I first learned of Brazilian artist Fernanda Gomes (b. 1960) through an amazing series of talks I was obsessed with during the height of the pandemic. The talks were half hour lunchtime tours, in 2020 and 2021, through The Warehouse in Dallas which highlighted work within the incredible Rochofsky Collection. I attended all of them, and if I missed one, I watched the recording. You can watch Post-War Geometry: Vulnerability and Softness included art by Fernanda Gomes, Eva Rothschild, Richard Tuttle and Jackie Windsor here.
The Fernanda Gomes show at Peter Freeman Inc was one of my favorite gallery shows during my recent trip to New York City. It was also for some reason the hardest for me to capture on my iPhone. My photos were terrible. There are some beautiful images on the gallery website. Sorry!
I loved how this piece was hung.
“Using a vast range of materials and procedures, she makes artworks either in a traditional artisanal way or by constructing objects from all sorts of items collected from her immediate surroundings. By choosing to repurpose what already exists, she reflects on consumerism, waste, value, and the idea of economy in a broader sense, as a principle and practice.
From her first show in 1988 to her latest presentation, Fernanda Gomes treats each exhibition as a work of art in itself, creating ensembles of autonomous pieces and responding to a diversity of contexts and situations. Her work calls into question the very nature of presence, in movement, space, and time.” (Peter Freeman Inc.)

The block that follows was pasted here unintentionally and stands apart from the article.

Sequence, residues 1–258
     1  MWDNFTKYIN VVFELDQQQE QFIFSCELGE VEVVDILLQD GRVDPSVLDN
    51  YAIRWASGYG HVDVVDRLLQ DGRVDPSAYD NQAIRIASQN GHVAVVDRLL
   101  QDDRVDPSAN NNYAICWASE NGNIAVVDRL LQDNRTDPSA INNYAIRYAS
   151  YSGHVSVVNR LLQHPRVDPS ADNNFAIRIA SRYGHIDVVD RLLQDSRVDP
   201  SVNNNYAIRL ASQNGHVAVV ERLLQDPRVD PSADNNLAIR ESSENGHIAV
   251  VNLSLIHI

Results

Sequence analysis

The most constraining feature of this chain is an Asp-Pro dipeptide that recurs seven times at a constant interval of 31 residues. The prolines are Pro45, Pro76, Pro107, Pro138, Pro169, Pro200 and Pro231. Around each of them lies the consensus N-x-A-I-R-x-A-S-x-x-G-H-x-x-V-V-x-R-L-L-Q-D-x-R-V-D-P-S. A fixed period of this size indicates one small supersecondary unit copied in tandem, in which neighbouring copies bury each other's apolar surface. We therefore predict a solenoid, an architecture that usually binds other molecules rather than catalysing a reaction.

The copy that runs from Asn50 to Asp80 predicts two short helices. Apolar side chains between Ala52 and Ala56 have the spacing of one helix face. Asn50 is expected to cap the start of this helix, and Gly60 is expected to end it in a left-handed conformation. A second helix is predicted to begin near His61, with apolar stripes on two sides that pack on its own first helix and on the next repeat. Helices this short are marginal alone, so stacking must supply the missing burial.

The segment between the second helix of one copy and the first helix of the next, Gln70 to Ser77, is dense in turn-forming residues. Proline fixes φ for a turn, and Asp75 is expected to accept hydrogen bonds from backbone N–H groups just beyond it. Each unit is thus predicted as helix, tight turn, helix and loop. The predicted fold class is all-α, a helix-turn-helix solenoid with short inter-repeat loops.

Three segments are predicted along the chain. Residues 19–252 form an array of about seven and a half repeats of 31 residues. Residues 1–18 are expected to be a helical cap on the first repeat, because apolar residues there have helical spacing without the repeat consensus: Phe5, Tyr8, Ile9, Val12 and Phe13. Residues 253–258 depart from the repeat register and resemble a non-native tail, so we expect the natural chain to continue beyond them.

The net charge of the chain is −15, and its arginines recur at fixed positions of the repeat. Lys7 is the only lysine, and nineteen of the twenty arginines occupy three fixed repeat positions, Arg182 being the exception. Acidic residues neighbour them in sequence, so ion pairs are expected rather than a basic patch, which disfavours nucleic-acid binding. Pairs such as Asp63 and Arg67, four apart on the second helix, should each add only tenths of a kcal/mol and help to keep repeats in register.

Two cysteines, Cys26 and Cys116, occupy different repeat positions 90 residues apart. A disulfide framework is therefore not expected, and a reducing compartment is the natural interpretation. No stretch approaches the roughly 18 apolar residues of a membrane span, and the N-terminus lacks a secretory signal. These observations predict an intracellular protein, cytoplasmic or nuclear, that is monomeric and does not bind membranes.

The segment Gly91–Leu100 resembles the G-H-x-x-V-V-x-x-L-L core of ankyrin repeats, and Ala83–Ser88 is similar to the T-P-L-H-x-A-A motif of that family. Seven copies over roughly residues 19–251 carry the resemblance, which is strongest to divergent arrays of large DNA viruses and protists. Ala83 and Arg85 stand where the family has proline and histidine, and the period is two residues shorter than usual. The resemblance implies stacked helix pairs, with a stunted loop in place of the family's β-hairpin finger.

“This exhibition features painting and sculpture, playfully stretching its limits and possibilities. It also includes a light specific ensemble—a room built to produce an even light for a group of works that exist fully in relation to the light, the space, and to each other. This is the third ensemble she has made to remain as such, each one with unique qualities. Previous iterations have been shown at the Punta della Dogana in Venice (2016), and at Galeria Luisa Strina, São Paulo (2017), recently acquired by the Museum of Modern Art, New York.” (Peter Freeman Inc.)
I’ll admit I had to stop and think about the piece below.
I recommend reading this Brooklyn Rail review which explains the exhibition quite well.
“Other collections with her work include the Art Institute of Chicago; Pérez Art Museum, Miami; Vancouver Art Gallery, Canada; Centre Georges Pompidou, Paris; Museo Nacional Centro de Arte Reina Sofía, Madrid; and Tate, London. Select solo museum exhibitions include the Vienna Secession (2019); Fundación Jumex, Mexico (2018); Museu da Cidade, Lisboa, Portugal (2012); Museu de Arte Moderna do Rio de Janeiro (2011); and the Museu de Arte Contemporânea de Serralves, Porto (2006), which holds since 2009 a permanent sculpture in its park.” (Peter Freeman Inc.)
Make sure you read on Woman Seeking Art about the other Brazilian artist whose work I recently posted about, Beatriz Milhazes!